38 The doctors were concerned that their fees under the medicare system would be too low. Several years earlier, the Robichaud government had agreed to pay the medical bills of residents on welfare. This tariff was set at 70 per cent of the NBMS’s fee schedule. It was the government’s regular practice to pay at a rate that took into consideration the fact that doctors no longer had the administrative work and expense involved in invoicing and collecting on outstanding invoices. Physicians in New Brunswick, though, were generally of the opinion that the 30 per cent discount was too large. In provinces where universal medicare had already been introduced, the discounted rate had generally been around 80 per cent of the physician’s existing tariff. Given the fact that their fees were already well below the national average, New Brunswick doctors wanted an offer that would make them better off financially in exchange for accepting the plan. Thériault refused to reveal the government’s position and stated that he would only make a formal offer to the NBMS at the end of October, after the election. The doctors hoped to pressure the government into making a concrete offer before the election, and so they criticized Thériault for delaying the negotiations on medicare.73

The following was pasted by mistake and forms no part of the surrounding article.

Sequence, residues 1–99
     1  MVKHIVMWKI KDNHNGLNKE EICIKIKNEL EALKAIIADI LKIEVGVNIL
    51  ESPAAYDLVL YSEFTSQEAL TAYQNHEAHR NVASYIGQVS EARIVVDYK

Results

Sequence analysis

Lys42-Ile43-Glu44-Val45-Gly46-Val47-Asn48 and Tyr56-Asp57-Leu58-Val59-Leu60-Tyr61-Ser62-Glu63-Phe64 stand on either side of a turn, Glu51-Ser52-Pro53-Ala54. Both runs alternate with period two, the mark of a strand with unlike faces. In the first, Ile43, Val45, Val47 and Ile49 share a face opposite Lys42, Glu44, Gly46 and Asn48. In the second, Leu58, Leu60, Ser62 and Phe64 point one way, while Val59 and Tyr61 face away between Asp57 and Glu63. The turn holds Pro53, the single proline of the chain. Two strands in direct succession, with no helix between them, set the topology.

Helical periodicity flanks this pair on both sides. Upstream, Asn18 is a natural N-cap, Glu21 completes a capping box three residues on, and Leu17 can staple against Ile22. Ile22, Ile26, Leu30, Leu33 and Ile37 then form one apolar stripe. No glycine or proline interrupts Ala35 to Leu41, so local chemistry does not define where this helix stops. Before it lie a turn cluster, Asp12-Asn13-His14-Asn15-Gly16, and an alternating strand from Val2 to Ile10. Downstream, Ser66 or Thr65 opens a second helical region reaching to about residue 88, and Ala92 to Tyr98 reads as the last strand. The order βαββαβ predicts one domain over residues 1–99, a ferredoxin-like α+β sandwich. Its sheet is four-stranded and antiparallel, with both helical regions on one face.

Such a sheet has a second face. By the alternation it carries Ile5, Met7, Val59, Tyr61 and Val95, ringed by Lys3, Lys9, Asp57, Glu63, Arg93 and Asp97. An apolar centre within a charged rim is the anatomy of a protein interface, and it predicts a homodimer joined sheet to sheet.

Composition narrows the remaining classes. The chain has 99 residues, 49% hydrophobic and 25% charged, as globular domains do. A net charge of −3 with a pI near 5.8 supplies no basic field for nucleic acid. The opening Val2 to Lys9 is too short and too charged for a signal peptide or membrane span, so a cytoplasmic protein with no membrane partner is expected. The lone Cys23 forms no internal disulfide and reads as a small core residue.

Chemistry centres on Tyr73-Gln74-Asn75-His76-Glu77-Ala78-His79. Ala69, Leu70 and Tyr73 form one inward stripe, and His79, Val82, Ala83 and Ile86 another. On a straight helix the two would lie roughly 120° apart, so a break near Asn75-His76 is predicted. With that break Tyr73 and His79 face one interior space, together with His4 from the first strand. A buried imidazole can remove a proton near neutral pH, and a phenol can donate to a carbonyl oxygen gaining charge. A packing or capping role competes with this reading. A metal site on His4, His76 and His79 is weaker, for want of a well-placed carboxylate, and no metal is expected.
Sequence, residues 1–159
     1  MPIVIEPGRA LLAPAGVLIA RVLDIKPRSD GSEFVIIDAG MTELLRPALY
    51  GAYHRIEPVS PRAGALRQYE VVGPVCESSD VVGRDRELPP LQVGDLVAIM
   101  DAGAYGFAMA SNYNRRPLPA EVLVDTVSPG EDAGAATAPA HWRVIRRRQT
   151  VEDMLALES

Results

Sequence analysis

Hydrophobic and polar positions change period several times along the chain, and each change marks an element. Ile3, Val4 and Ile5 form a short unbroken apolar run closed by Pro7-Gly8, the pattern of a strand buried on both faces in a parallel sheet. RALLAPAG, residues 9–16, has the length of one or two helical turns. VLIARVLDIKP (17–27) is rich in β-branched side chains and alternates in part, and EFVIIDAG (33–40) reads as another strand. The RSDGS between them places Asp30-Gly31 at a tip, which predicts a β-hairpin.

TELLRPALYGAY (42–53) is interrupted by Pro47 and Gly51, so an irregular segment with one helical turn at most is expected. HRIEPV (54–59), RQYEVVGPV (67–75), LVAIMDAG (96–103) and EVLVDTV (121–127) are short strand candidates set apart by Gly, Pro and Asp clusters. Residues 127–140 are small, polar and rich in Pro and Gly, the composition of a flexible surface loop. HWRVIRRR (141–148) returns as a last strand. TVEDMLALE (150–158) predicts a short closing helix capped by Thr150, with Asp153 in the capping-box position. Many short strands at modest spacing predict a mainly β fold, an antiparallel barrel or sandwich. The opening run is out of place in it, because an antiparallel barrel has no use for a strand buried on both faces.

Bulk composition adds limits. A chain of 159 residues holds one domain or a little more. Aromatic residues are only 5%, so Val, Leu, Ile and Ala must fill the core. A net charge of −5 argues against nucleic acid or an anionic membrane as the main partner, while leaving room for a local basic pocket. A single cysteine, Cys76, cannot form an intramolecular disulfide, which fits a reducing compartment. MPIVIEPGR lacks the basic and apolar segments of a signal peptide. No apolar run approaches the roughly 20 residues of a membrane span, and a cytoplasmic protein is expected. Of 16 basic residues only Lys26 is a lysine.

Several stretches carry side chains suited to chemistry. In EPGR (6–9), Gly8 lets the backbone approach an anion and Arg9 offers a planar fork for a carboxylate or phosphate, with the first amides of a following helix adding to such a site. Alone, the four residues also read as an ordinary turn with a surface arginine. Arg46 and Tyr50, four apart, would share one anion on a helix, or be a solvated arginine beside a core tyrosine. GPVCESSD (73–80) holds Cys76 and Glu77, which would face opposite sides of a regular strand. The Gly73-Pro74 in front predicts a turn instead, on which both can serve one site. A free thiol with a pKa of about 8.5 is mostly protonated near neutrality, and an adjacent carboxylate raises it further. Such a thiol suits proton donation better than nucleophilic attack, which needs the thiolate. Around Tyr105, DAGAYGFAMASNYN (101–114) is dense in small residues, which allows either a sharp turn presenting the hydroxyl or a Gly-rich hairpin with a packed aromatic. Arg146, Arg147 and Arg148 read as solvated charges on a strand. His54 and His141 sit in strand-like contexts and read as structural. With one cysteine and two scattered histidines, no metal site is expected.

39 In the midst of the campaign, the government took out a full-page advertisement in the province’s major newspapers: “What Medicare New Brunswick Means to You.” Desperate to win the election, the Liberals did everything they could to convince voters that despite the earlier delays they were going to implement the program.74 Hatfield, however, was quick to take advantage of the medicare issue during the campaign by embarrassing the Liberals. He took every opportunity to remind the electorate that the Robichaud government had promised to implement medicare during the 1967 campaign but then had reneged on its promise.75 He also pointed out that New Brunswickers’ federal tax dollars were being used to support medicare for citizens in other provinces while New Brunswickers continued to have no access to the program. In an interview given during the campaign, Hatfield coolly told the press that the Liberal campaign machine was disintegrating before everyone’s eyes.76 The NBMS joined with Hatfield in criticizing the longstanding inability of the Robichaud government to meet the health needs of residents, undermining even further the latter’s credibility on medicare.77 Days before the election, the Progressive Conservatives took out their own full-page newspaper advertisement; it confidently stated that the “Hatfield team” was committed to “an agenda for action” – including the implementation of medicare – by 1 January 1971.78